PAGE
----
The good position Lindsey thought he was in turned into a nightmare when the feds descended to make an example out of him. Now Lindsey has a better understanding of how the Feds roll:

“The problem that providers have is that they are at the mercy of what the [larger community] does,” he continues. “You can fly straight and have a real rigid system and careful checks, but if the guy down the street has just gotten a skywriter saying, ‘Sell pot to your children. Call me at 1-800 for the lowest bag in town,’ that makes you look bad, and without any protections in place, everybody’s vulnerable.”

Those most vulnerable, Lindsey says, are those who think they’re behaving the best.

“What the federal government does is, it only has so many resources and there’s a very specific strategy that it uses,” he says. “And that is to go after the biggest impact it can. So if you’re the Boy Scout and there have been all these great articles written about how careful you are, you’re actually very vulnerable, because that shows that not even you are immune from prosecution. ‘If we can take this guy out, all you people go too.'”

Without changes at the federal level, it doesn’t really matter what happens next year with the legislative session. Still, it will be interesting to watch what happens, and how it’s reported. Stay tuned…

  1. Steve W

    I disagree that what happens at the Federal level is more important than at the state level.

    The states jail far more (by magnitudes) people because of cannabis crime violations than do the feds.

    But not in states with legal cannabis. In those states lots of people are growing and consuming their own produce, Or they have a medical provider who they can buy from without out fear of state or local arrest.

    This is exactly how alcohol probation ended and it’s how cannabis prohibition will also end.

    Then, and only then, the Feds will yield.

    While it’s a travesty and an injustice (as well as a violation of the equal protection rights) to be singled out and busted while millions of others go free for essentially the same behavior, it’s also the same thing black humans have been putting up with for years. It’s wrong.

    But things have already changed big time since medical cannabis became legally (from a state and local perspective) available and/or homegrowable.

    The Feds will one day catch up to reality, maybe.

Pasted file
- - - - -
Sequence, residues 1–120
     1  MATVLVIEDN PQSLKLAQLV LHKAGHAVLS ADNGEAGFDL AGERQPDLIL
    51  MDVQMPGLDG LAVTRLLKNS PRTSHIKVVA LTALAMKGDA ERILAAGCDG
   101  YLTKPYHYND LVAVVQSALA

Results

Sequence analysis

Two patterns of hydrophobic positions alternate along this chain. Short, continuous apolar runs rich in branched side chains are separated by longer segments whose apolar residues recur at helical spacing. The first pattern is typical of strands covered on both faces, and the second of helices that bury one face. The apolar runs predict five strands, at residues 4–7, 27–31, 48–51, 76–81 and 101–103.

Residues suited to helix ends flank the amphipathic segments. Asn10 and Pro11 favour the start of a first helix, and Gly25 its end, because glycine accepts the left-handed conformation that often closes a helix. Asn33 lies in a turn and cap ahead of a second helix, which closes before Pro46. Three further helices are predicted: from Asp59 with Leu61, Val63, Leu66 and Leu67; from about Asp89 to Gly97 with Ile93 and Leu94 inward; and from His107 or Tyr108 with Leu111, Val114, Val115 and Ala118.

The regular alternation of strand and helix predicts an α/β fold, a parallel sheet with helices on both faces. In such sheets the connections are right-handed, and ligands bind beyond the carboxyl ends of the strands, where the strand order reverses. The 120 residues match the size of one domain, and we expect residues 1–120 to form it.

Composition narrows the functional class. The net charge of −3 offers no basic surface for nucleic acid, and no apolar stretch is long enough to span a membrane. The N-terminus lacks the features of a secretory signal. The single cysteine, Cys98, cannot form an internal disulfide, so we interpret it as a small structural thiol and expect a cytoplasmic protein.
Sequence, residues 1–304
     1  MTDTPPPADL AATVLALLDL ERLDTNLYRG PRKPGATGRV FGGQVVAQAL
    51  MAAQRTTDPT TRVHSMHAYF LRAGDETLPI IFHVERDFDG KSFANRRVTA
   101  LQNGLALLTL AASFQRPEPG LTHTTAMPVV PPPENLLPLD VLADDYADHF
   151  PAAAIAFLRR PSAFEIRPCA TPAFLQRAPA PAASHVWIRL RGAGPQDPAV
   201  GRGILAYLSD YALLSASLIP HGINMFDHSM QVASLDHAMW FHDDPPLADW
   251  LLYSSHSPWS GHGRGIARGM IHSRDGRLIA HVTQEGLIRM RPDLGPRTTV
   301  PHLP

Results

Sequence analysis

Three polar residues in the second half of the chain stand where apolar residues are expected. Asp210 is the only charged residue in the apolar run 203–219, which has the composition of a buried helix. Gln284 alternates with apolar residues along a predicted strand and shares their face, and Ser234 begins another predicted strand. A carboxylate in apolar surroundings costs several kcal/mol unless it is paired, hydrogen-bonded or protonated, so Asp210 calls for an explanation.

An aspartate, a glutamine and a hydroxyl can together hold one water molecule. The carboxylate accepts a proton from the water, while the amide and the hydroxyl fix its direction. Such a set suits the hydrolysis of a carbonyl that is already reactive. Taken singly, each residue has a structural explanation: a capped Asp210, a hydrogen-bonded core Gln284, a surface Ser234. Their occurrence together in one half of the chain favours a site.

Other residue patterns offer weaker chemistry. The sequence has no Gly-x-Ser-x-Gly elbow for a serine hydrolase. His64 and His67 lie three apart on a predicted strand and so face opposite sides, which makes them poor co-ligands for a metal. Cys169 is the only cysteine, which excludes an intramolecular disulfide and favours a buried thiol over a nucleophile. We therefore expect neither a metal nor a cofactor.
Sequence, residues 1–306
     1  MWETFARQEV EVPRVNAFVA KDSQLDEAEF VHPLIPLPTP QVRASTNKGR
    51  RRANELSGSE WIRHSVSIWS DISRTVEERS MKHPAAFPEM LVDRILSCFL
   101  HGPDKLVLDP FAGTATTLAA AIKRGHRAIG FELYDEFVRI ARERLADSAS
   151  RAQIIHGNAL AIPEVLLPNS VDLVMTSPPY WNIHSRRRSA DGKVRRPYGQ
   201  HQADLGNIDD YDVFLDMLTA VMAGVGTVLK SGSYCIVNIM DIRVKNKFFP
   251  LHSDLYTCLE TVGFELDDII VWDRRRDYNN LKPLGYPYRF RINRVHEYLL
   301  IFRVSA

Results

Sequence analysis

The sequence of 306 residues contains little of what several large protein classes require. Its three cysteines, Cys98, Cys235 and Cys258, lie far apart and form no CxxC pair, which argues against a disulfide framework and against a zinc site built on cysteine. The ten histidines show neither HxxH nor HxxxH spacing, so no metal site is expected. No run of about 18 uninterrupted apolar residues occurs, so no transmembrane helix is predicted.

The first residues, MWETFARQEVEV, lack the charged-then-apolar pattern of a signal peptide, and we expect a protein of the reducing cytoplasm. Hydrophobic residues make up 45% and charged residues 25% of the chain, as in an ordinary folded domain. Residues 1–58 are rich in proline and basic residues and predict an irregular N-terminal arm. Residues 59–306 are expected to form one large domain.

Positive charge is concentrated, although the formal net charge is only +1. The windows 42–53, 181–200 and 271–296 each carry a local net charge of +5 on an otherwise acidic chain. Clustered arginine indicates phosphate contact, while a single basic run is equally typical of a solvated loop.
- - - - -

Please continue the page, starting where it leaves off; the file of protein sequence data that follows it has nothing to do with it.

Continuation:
2. Some providers and physicians are unfortunately returning to what the 2011 legislature referred to as the “wild west” of marijuana. It will indeed be interesting to see how this plays out. I have little confidence.

    • Steve W

      What does “The Wild West” actually mean?

      No laws or regulations? Whose fault is that? If medical cannabis is “The Wild West” then how about some common sense guidance and some reasonable regulation coming from the civilized legislature??

      It isn’t the doctors or the providers who are out of control.

      It’s our legislature who should get about 100% of the blame for being obstructionist assholes. They vote like a bunch of drunk cowboys, lots of smoke and mirrors and a big pile of horse dung.

      • I agree completely. But the legislature seems to escape the bulk of criticism and what everyone remembers is that there were no regulations. Instead of blaming the legislature, they blame patients and providers.

        While SB 423 certainly changed the industry, we still don’t have a regulated market and the rules that are currently in place are again being ignored. Instead of making the legislature and the state and local police look bad, as it should, it reflects poorly on the industry and ends up hurting patients when providers are raided by federal agencies.

        • Steve W

          As long as patients and providers blame patients and providers then it’s only natural that others will blame patients and providers. Just saying.

          We have to start loudly blaming the legislature and stay on message.

        • Eric

          We all had this discussion before, and it all boils down to the basic conflict between Federal law, and State law.

          I have friends in Colorado that tell me the Feds have had no problems with raiding pot shops down there, you just don’t hear about it in the media.

          I wouldn’t have the guts to invest in a Cannabis business.

          • Steve W

            Lots and lots of cannabis commissaries aren’t being raided as well, even as we speak Eric. You aren’t a real capitalist if you don’t love the hell outta risk my friend. Your socialist whimpering is stinking up the place, you and your fear of the storm troopers.

            The Feds are wrong on multiple counts. Lets talk science, lets talk economics, lets talk safe kids.

  3. lizard19

    I am not a patient, or a provider, but I think if MM proponents want to effectively move forward, then acknowledging the very negative role patients like Jason Christ played (enabled by the media) made it significantly more difficult for legislators to fix the regulatory mess they created through years of inaction.